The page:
Unfortunately, IFNγ is also the main mediator of the toxic effects of IL12 and over time, turns on immunoregulatory mechanisms, such as PD-L1 and IDO-1 expression, which mediate adaptive resistance to immunotherapy.
In the era of checkpoint inhibitors and adoptive T-cell therapy, we must revisit IL12 as an antitumor agent. On the one hand, IL12 can be synergistic with PD-1/PD-L1 blockade (8), and on the other, it might help adoptive T-cell therapy in several ways, chiefly by including attraction and homing to the tumor tissue, as reported by Hu and colleagues in mouse models (1). The anticipated importance of these mechanisms is that IL12 might be a key tool to translate the efficacy of adoptive T-cell therapy to a wider spectrum of tumors aside from B-cell malignancies, melanoma, and synovial sarcoma.
IL12 is neglected to some extent in clinical development with some exceptions. Merck Serono is testing a fusion protein encompassing single-chain IL12 coupled to an antibody that binds extracellular dsDNA (9). There are also attempts by Moderna Therapeutics/MedImmune to transfer mRNA encoding IL12 as well as the intratumoral gene-electroporation strategies by OncoSec Medical (NCT03132675) already commented on.
It must be said that IL12 is a powerful wild horse difficult to harness (10). Systemic treatment has a narrow therapeutic window due to circulating IFNγ levels that can be fatal. Permanent retroviral gene transfer of IL12 into T cells has serious safety problems (11). The route to clinical success of IL12-based immunotherapy must contemplate three key concepts:
i. Transient exposure or expression.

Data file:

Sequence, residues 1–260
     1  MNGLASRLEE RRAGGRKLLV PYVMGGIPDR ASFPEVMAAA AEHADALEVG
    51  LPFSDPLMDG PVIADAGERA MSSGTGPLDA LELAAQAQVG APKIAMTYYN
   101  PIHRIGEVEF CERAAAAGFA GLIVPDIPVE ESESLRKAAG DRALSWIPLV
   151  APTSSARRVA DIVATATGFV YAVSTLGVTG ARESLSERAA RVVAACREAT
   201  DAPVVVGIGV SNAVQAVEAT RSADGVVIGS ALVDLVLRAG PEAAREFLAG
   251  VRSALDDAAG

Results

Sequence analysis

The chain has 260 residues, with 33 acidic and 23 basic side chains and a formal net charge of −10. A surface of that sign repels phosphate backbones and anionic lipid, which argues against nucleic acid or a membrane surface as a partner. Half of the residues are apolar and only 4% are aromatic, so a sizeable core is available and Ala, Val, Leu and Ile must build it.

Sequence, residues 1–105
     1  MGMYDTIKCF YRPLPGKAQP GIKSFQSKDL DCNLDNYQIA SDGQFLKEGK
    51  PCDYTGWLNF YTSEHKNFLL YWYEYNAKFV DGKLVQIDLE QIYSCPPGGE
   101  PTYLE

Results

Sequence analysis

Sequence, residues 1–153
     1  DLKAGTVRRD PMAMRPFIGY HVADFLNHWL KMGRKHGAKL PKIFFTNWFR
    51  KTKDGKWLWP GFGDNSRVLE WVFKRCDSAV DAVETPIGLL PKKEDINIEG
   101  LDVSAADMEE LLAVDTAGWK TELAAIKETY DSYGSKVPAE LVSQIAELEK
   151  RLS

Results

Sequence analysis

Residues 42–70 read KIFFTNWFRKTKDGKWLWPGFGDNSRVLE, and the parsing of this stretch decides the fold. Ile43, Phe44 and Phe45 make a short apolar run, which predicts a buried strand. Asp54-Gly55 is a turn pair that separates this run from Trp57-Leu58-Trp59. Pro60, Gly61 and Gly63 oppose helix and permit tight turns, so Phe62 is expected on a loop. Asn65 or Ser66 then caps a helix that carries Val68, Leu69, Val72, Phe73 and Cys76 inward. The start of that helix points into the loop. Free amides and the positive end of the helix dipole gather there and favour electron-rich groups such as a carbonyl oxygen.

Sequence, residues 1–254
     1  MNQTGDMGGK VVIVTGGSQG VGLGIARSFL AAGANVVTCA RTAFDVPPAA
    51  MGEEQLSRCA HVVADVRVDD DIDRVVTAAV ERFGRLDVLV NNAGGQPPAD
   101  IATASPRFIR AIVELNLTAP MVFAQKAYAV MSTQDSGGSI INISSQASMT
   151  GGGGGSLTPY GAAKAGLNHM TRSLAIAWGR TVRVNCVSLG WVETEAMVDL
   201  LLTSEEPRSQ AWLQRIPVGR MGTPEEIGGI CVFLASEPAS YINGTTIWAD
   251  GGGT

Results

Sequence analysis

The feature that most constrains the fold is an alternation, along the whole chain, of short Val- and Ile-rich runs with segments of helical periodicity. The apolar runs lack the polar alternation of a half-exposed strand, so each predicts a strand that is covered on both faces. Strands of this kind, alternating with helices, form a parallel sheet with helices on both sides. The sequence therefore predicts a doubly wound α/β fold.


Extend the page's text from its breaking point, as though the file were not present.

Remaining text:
ii. Combination with other agents, chiefly including adoptive T-cell therapy and checkpoint inhibitors.
iii. If possible, targeting the cytokine or its function or its expression to the tumor microenvironment.
The potential of IL12 as a partner in combination immunotherapy strategies is promising and in need of improvement based on biotechnology, gene therapy, and cell therapy. The promotion of T-cell infiltration into tumors by IL12 is certainly an exciting feature. IL12 is “back to the future.”
Disclosure of Potential Conflicts of Interest
I. Melero reports receiving commercial research grants from Alligator, Bristol-Myers Squibb, and Roche, speakers bureau honoraria from MSD, and is a consultant/advisory board member for Bayer, Bioncotech, Bristol-Myers Squibb, F/Star, Medimmune, Merck Serono, and Tusk. No potential conflicts of interest were disclosed by the other authors.
Conception and design: P. Berraondo, I. Melero
Writing, review, and/or revision of the manuscript: P. Berraondo, I. Etxeberria, M. Ponz-Sarvise, I. Melero
Study supervision: I. Melero
P. Berraondo is supported by a Miguel Servet II contract (CPII15/00004) and grant PI16/00668 from Instituto de Salud Carlos III co-financed by European FEDER funds. I. Melero is supported by MINECO (SAF2014-52361-R and SAF2017-83267-C2-1R), European Commission VII Framework and Horizon 2020 programs (IACT and PROCROP), Cancer Research Institute (CRI) CLIP Grant 2017, Fundación de la Asociación Española Contra el Cáncer (AECC), and Fundación BBVA.